Margarita Shrimp Cocktail

Margarita Shrimp Cocktail

Looking for classic seafood to start your meal? Then check out this delicious shrimp recipe – a perfect appetizer.

Prep Time



Total Time





About 26 shrimp

1 1/2
lb medium shrimp with shells (26 to 30 shrimp)
cups water
teaspoons salt
1 1/2
cups dry white wine or nonalcoholic wine
tablespoons lime juice
black peppercorns
Handful of fresh cilantro
cup orange juice
cup ketchup
cup chopped fresh cilantro
cup lime juice
cup lemon juice
tablespoons tequila, if desired
tablespoons vegetable oil
teaspoon salt
teaspoon freshly ground pepper
Dash of red pepper sauce
  1. Remove shells from shrimp, leaving tails intact. Set shells aside for the stock. Using a small, pointed knife or shrimp deveiner, make a shallow cut lengthwise down the back of each shrimp, then wash out the vein.
  2. In 4-quart Dutch oven, heat shrimp shells, 4 cups water and 2 teaspoons salt to boiling over high heat. Add wine, 2 tablespoons lime juice, the peppercorns and handful of cilantro. Reduce heat to medium. Cover and cook 30 minutes.
  3. Strain stock through strainer into large bowl and discard shells, peppercorns and cilantro. Return stock to same pan and heat to boiling over high heat. Add shrimp; remove pan from heat. Cover and let stand 8 to 10 minutes until shrimp are pink and firm.
  4. Meanwhile, fill large bowl half full with ice and water. Strain stock through strainer and plunge shrimp into ice bath. (Strain stock over large bowl if you want to keep for another purpose.) Shrimp can be refrigerated in ice water for several hours.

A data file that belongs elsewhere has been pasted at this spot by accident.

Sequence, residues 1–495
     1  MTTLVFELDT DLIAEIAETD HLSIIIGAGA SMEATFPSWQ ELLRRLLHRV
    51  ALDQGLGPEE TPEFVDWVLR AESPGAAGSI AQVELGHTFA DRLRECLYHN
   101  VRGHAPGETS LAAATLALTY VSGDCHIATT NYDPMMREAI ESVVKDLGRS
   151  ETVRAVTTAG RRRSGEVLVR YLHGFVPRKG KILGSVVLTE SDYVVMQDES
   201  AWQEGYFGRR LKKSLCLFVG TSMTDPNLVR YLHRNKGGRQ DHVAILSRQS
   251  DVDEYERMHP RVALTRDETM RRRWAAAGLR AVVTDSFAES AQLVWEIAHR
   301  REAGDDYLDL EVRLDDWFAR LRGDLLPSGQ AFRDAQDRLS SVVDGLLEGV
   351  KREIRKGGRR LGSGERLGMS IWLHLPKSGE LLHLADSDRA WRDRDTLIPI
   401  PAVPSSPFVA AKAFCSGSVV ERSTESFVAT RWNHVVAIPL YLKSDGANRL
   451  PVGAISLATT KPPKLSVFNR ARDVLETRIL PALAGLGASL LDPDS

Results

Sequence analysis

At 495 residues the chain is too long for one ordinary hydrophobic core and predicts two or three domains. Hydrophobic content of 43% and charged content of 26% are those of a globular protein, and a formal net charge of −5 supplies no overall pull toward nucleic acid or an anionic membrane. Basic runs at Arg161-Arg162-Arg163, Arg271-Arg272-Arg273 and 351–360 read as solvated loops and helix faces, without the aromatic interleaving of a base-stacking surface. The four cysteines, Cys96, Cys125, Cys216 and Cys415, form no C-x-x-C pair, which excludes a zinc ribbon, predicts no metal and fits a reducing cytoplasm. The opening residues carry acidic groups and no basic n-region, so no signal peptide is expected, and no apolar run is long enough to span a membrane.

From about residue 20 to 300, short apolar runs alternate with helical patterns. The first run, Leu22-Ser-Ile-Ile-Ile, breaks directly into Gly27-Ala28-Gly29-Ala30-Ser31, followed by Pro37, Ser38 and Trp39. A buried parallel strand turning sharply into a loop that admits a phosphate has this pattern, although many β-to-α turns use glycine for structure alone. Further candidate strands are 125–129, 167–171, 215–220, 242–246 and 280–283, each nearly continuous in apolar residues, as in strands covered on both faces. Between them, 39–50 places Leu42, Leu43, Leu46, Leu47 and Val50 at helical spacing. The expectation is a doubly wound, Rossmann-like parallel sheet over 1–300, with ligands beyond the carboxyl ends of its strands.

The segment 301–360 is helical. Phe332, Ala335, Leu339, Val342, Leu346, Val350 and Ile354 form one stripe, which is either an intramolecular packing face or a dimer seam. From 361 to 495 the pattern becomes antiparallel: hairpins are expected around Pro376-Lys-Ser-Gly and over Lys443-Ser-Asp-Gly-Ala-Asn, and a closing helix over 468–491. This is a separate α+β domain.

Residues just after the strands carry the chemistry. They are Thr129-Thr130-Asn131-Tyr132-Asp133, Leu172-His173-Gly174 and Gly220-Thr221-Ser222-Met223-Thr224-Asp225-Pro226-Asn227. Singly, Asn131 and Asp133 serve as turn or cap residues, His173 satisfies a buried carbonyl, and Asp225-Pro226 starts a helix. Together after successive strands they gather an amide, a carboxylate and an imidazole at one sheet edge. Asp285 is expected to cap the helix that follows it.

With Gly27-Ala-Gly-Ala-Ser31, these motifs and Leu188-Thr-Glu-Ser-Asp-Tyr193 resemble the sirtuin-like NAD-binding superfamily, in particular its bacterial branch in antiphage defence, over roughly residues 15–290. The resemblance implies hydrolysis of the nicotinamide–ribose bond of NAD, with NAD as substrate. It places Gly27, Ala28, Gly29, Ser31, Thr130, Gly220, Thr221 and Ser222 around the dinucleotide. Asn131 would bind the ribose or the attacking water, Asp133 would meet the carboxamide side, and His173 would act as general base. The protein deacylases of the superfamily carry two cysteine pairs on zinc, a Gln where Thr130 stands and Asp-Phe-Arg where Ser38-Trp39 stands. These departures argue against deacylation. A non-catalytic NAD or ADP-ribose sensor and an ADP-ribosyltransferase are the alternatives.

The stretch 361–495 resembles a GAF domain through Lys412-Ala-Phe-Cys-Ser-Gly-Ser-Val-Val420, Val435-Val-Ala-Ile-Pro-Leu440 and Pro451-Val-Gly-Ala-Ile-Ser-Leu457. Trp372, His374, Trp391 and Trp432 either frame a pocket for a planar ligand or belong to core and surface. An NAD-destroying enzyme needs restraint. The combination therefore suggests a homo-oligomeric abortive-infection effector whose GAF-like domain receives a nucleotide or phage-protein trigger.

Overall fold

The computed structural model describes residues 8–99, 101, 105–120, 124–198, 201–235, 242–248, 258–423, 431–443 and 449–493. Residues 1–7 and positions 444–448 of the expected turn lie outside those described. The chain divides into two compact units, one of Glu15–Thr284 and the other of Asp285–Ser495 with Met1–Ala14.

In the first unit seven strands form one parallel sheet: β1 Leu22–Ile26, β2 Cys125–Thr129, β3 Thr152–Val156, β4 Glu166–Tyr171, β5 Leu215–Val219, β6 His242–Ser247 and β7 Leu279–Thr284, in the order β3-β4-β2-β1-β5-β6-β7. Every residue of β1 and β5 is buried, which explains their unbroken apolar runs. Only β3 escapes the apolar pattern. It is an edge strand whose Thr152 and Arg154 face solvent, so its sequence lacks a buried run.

5. In medium bowl, mix all sauce ingredients. (Don’t use aluminum bowl because the acid in the sauce may react.) Stir in cooked shrimp to coat. Cover and refrigerate at least 30 minutes but no longer than 3 hours. (After 3 hours the acid in the sauce causes the shrimp to become chewy.) Serve cold.
Makes About 26 shrimp
Make the Most of This Recipe With Tips From The Betty Crocker® Kitchens
Why it Works: Skip the Marinade Marinades, whether for shrimp, poultry or meat, are used more often for flavor than for tenderizing. Tough cuts of meat, such as flank steak, can become more tender if soaked in an acidic marinade, but too long of a dip will make the outside of the meat mushy. Shrimp are naturally tender, so an overly acidic marinade can actually start the shrimp “cooking” before you even put them in the pan! If you want to marinate shrimp prior to cooking, don’t use an acid—save it for your serving sauce.

Nutrition Information:

1 Serving (1 Shrimp)
  • Calories 30
    • (Calories from Fat 10),
  • Total Fat 1g
    • (Saturated Fat 0g,
    • Trans Fat 0g),
  • Cholesterol 25mg;
  • Sodium 170mg;
  • Total Carbohydrate 2g
    • (Dietary Fiber 0g,
    • Sugars 2g),
  • Protein 3g;
Percent Daily Value*:
    • 0 Starch;
    • 0 Fruit;
    • 0 Other Carbohydrate;
    • 0 Skim Milk;
    • 0 Low-Fat Milk;
    • 0 Milk;
    • 0 Vegetable;
    • 1/2 Very Lean Meat;
    • 0 Lean Meat;
    • 0 High-Fat Meat;
    • 0 Fat;
    Carbohydrate Choices:
    • 0;
    *Percent Daily Values are based on a 2,000 calorie diet.